- What are some ways you can express your thankfulness for this “inheritance” to some Jewish people you know?
4. In the Gospel reading, Jesus walks on water and when his disciples in the boat see him, they were terrified. He then speaks these words to his disciples, “Take courage, it is I; do not be afraid.” However, when Peter walks on water, he became frightened; and, beginning to sink, he cried out, “Lord, save me!” Immediately Jesus stretched out his hand and caught Peter, and said to him, “O you of little faith, why did you doubt?” After they got into the boat, the wind died down. Those who were in the boat did him homage, saying, “Truly, you are the Son of God.”
- Jesus spoke these words to his disciples when they were terrified: Take courage, it is I; do not be afraid. Do you believe that he wants to speak these words to you, especially when you are going through a difficult time?
- What are the times in your life where Jesus’ words to Peter, when he became frightened, have applied to you?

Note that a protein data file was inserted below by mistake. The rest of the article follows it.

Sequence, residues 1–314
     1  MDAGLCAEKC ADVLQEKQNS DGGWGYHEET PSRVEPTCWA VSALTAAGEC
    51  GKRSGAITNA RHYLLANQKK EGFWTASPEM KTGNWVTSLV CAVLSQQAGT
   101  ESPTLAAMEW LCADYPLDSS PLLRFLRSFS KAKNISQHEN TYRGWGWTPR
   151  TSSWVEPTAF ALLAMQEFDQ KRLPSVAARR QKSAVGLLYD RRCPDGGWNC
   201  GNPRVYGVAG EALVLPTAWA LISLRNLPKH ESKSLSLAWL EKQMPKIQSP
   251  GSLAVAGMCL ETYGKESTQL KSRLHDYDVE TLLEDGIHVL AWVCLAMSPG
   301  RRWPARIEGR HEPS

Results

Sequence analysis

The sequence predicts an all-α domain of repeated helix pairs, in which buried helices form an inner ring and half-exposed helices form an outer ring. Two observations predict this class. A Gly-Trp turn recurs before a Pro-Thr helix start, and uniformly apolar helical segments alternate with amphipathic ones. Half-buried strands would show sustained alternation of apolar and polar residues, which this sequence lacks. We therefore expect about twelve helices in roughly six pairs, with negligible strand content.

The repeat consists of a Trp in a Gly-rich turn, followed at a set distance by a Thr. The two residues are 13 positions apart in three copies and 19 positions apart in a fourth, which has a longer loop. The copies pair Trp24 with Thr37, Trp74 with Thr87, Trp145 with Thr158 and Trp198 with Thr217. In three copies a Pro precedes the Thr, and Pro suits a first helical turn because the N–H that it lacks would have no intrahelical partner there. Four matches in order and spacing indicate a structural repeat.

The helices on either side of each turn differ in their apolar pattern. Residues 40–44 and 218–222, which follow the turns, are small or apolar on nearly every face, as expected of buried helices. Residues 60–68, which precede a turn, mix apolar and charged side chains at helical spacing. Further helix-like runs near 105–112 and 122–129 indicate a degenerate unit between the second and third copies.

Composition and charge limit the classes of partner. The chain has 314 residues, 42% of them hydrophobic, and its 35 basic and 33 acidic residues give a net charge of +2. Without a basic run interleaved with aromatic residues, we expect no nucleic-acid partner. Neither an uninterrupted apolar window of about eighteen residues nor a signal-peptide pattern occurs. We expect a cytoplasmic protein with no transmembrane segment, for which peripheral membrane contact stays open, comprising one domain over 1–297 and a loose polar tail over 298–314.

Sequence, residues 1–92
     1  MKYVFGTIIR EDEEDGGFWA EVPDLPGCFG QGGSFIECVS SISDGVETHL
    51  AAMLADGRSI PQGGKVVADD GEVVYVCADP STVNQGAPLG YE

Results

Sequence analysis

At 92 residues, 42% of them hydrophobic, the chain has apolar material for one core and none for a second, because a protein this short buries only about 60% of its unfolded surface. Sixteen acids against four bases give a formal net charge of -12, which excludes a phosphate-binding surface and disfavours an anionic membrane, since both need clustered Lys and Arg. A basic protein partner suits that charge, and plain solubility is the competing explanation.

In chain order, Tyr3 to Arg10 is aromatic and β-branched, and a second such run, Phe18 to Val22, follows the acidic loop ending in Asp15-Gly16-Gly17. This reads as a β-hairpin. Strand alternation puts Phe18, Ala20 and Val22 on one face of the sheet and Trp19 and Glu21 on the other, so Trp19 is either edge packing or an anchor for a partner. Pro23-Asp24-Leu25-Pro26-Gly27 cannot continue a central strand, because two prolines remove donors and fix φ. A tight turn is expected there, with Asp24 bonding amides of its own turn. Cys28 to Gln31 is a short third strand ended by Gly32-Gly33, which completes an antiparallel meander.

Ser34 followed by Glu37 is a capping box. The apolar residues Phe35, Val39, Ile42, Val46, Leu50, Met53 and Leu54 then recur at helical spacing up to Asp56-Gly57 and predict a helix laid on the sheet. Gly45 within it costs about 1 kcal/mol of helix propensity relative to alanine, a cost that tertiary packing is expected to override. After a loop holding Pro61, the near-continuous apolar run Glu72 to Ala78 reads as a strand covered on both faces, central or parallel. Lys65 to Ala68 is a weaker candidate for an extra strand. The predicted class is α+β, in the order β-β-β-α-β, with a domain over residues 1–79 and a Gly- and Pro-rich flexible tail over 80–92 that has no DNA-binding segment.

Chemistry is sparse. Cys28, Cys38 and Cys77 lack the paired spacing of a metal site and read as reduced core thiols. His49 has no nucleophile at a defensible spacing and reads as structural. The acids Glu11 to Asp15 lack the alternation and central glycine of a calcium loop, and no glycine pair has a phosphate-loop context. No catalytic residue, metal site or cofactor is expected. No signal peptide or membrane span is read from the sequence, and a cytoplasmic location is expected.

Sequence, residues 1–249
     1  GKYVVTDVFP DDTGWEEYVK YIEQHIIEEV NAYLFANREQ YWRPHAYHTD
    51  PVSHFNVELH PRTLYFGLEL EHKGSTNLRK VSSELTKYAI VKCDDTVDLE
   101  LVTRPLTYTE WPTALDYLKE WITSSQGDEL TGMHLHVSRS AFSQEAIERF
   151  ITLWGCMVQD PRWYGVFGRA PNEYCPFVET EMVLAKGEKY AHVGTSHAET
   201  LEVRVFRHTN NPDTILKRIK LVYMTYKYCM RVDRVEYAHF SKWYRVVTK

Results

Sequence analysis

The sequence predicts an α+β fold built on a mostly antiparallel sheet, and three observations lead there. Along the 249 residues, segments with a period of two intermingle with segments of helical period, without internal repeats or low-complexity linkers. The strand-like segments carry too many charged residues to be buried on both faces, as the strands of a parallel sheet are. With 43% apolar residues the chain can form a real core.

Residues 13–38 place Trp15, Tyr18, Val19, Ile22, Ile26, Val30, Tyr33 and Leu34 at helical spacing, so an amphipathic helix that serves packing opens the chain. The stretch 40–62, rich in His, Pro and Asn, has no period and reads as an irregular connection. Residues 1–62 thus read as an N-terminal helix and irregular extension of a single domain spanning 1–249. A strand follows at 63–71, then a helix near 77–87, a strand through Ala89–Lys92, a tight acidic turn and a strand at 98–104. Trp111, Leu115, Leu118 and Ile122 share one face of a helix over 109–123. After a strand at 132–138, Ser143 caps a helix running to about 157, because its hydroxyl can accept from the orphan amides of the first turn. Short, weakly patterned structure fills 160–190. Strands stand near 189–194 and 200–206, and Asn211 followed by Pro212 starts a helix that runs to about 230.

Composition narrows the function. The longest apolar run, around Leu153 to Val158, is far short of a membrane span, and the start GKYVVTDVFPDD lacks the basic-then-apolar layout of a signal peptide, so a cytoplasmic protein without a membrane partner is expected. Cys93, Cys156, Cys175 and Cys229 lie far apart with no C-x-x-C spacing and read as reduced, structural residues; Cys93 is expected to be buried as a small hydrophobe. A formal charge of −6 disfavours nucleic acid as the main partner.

- Why do you think the apostles were able to make this great statement of faith: “Truly, you are the Son of God”?
- In what ways has the Lord acted in your life, so you are able to say to Jesus: “Truly, you are the Son of God.”
5. The meditation is a reflection on this verse from the second reading: Theirs [is] the worship (Romans 9:3). It includes these words: “Unlike their pagan neighbors, who devised their own kinds of sacrifices to please their many gods, the people of Israel had the privilege of offering God the kind of worship that he desired.” It ends with these words: “So set your heart on worshipping the one true God at Mass today. His love for you is everlasting, and his salvation is eternal. It is a privilege and an honor to come into his presence with praise!”
- How would you describe the similarities between how the people of Israel worshipped God and how we as Catholics worship him at Mass? How would you describe the major differences between them?
- How would you describe the ways you worship God because “His love for you is everlasting, and his salvation is eternal”?
Take some time now to pray and offer the Lord your praise, blessings, and adoration. Use the prayer below from the end of the mediation as the starting point.